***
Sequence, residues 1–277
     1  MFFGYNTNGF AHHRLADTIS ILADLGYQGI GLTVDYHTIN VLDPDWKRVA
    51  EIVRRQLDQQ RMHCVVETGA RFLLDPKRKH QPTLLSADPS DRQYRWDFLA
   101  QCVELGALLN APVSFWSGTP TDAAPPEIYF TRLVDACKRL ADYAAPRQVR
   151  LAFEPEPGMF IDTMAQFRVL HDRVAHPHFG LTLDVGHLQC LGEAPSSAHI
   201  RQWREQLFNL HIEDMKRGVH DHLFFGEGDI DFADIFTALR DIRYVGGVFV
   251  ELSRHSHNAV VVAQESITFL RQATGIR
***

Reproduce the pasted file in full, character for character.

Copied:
Sequence, residues 1–277
     1  MFFGYNTNGF AHHRLADTIS ILADLGYQGI GLTVDYHTIN VLDPDWKRVA
    51  EIVRRQLDQQ RMHCVVETGA RFLLDPKRKH QPTLLSADPS DRQYRWDFLA
   101  QCVELGALLN APVSFWSGTP TDAAPPEIYF TRLVDACKRL ADYAAPRQVR
   151  LAFEPEPGMF IDTMAQFRVL HDRVAHPHFG LTLDVGHLQC LGEAPSSAHI
   201  RQWREQLFNL HIEDMKRGVH DHLFFGEGDI DFADIFTALR DIRYVGGVFV
   251  ELSRHSHNAV VVAQESITFL RQATGIR